Ray McDonald Case: Court Documents Detail Allegations

Court documents detailing sexual assault allegations against former San Francisco 49er Ray McDonald show a woman claims the encounter happened at his home after they drank together at a bar and she injured her head in a fall near the player's swimming pool.

A search warrant unsealed Monday includes a text-message exchange that police set up between the recently released defensive lineman and the alleged victim to discuss the sexual encounter.

The woman says she has no memory of the encounter on Dec. 14. And San Jose Police Officer Sean Pierce told Santa Clara County Superior Court Judge Griffin M.J. Bonini that there was probable cause to believe a "rape by intoxication" occurred before securing the two warrants, served Dec. 16 and 17.

McDonald argues that the sex was consensual. Both of his parents told NBC Bay Area the story is not true and promised that security cameras inside their son's San Jose home will soon paint a different picture.

The former 49er has not been arrested. San Jose police say the case is still under investigation, and as of Monday, no criminal charges have been filed.

Still, the 49ers released McDonald last Wednesday, hours after the sexual investigation came to light, citing the player's "pattern of poor decision-making."

McDonald's father, Ray McDonald Sr., spoke to NBC Bay Area by phone on Monday saying that he flew from his home in Florida to San Jose last week to support his son, whom he said was "doing good. He's enduring it."

McDonald Sr. said he's thankful his son had video surveillance in his home because the images will "make your head spin." He declined to say any more. McDonald Sr. he would not put NBC Bay Area in touch with his son, his son's attorney or his agent.

Police did confiscate a security camera system from McDonald's home, along with bedding and a white and gold iPhone, the search warrants show. What is on the video has not been made public.

According to the search warrant, the woman said she had been drinking on Dec. 13 at a Willow Den Bar on Lincoln Avenue, and left with some girlfriends, McDonald and 49ers player Aldon Smith, who is on probation after pleading no contest to weapons and DUI charges. She drank two Belvederes and soda at the bar, and later had vodka and cranberry juice at McDonald's home.

It was there that he told her about his past domestic violence situation with his then-pregnant fiancee. Police arrested McDonald after that alleged assault on Aug. 31, but the Santa Clara County District Attorney decided in November there wasn't enough evidence to charge him with a crime.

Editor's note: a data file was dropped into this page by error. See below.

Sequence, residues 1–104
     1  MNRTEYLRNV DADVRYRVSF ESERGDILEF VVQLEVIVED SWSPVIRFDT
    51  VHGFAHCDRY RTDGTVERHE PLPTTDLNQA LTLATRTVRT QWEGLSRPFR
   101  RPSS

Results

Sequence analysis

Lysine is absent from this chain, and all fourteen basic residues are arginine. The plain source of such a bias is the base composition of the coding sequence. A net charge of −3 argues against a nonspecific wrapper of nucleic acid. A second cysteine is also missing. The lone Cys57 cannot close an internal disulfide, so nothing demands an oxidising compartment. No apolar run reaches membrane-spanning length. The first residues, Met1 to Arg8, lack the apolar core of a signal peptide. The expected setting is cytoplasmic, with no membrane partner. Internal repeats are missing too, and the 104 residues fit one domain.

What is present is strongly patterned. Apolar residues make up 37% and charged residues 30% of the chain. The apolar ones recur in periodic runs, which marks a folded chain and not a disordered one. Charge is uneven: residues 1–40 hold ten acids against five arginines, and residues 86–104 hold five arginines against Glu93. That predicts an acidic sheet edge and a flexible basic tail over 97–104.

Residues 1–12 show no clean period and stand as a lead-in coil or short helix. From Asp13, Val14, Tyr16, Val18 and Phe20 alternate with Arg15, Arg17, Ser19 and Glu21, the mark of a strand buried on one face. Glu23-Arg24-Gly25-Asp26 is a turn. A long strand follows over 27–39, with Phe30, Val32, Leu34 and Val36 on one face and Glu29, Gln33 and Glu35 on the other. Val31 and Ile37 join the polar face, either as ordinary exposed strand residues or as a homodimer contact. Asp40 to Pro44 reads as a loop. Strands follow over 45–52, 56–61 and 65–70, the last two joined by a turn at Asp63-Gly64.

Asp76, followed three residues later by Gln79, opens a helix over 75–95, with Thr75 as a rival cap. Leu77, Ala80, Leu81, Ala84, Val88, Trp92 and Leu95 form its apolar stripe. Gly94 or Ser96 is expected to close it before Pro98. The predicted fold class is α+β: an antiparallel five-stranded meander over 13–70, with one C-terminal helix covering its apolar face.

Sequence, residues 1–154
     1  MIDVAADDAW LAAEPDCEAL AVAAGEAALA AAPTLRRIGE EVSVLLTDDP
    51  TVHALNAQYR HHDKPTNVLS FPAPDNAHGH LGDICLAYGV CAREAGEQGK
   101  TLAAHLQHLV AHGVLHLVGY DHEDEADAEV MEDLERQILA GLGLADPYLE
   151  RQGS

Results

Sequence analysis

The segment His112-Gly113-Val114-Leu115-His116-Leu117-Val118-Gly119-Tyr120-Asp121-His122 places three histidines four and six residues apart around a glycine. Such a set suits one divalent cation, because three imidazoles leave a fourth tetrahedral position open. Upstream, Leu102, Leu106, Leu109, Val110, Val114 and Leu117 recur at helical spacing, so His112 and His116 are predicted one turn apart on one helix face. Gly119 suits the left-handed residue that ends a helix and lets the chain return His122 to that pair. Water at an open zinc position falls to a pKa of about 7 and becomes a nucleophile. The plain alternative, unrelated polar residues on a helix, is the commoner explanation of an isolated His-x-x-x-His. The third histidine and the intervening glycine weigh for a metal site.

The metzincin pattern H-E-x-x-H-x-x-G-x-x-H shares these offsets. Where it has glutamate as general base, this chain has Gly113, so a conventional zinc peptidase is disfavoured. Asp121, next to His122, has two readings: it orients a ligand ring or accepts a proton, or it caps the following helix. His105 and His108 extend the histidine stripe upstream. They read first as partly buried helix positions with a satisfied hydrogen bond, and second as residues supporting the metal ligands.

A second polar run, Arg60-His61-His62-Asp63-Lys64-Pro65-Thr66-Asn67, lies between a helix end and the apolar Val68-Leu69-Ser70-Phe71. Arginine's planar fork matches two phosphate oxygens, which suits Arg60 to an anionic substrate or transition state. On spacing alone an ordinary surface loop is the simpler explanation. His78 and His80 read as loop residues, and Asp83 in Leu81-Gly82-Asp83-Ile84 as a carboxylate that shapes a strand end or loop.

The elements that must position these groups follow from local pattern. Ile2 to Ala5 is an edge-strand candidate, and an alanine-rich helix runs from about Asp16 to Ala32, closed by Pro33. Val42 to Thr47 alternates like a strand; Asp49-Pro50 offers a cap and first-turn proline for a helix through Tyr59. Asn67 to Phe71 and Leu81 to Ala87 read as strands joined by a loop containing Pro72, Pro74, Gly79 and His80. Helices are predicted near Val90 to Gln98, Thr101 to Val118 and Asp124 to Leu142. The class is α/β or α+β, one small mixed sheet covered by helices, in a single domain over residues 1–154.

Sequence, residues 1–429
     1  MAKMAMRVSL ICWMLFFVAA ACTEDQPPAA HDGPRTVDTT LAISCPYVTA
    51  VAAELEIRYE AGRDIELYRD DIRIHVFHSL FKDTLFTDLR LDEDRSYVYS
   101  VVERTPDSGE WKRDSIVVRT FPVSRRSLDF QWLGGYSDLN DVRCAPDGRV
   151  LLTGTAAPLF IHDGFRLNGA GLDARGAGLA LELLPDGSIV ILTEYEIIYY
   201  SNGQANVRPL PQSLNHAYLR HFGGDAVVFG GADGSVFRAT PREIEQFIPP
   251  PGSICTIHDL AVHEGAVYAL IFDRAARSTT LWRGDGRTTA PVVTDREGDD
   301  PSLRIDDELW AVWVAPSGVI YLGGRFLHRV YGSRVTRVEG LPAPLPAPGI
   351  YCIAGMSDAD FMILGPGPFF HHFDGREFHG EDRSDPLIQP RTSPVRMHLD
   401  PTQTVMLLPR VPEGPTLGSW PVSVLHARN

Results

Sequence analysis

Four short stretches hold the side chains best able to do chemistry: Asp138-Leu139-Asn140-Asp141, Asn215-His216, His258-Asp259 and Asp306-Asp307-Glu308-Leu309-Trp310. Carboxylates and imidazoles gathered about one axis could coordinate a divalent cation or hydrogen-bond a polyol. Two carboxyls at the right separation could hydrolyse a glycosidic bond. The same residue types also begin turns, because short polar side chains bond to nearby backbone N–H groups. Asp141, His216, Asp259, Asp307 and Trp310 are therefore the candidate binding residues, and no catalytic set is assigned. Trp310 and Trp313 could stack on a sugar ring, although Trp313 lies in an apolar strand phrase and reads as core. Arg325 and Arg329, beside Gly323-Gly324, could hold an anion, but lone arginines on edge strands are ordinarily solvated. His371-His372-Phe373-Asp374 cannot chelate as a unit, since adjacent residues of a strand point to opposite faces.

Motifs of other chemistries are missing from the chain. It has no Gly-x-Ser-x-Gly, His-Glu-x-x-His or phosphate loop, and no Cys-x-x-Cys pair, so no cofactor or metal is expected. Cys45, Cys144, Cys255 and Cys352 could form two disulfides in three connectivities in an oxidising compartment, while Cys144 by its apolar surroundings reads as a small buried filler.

At some point that night on Dec. 13 or early Dec. 14, the woman also said she she passed at McDonald's home near his pool, and hit her head on the ground.

The woman woke up the next day next to McDonald in bed, and she said she was missing her top. He told her they had sex, which she said she didn't remember.

She went to police, who convinced her to text McDonald, with a sergeant posing as her.

A snippet of that conversation was revealed in the court documents:

"Yes, get the morning after pill," McDonald texted the woman, according to the search warrant.

"Ugghh :( that's not cool," the sergeant, posing as the woman, texted back.

"S--- just happened, (woman's name)," McDonald texted. "We were just enjoying the moment.

"I don't even remember anything. I don't know how I could've been enjoying anything. My friggin head hurts!" the sergeant texted.

Then, in another text the sergeant wrote: "I'm just really bothered by all of this. I don't really want to see you right now."

"I don't understand why you're bothered. U chose to stay with me for another day," McDonald texted.

The sergeant responded: "Yeah but u shudve had sex with me after I was knocked out! I cudve died! Are you a expert on head injuries now? The more I think about it, the madder I get."

"I didn't do anything wrong," McDonald texted. "Like u told me before u started coming on to me."

"How can I come on to u if was drunk and woozy from hitting my head?" the officer texted on behalf of the woman. "U know better than that."

The Associated Press contributed to this report.

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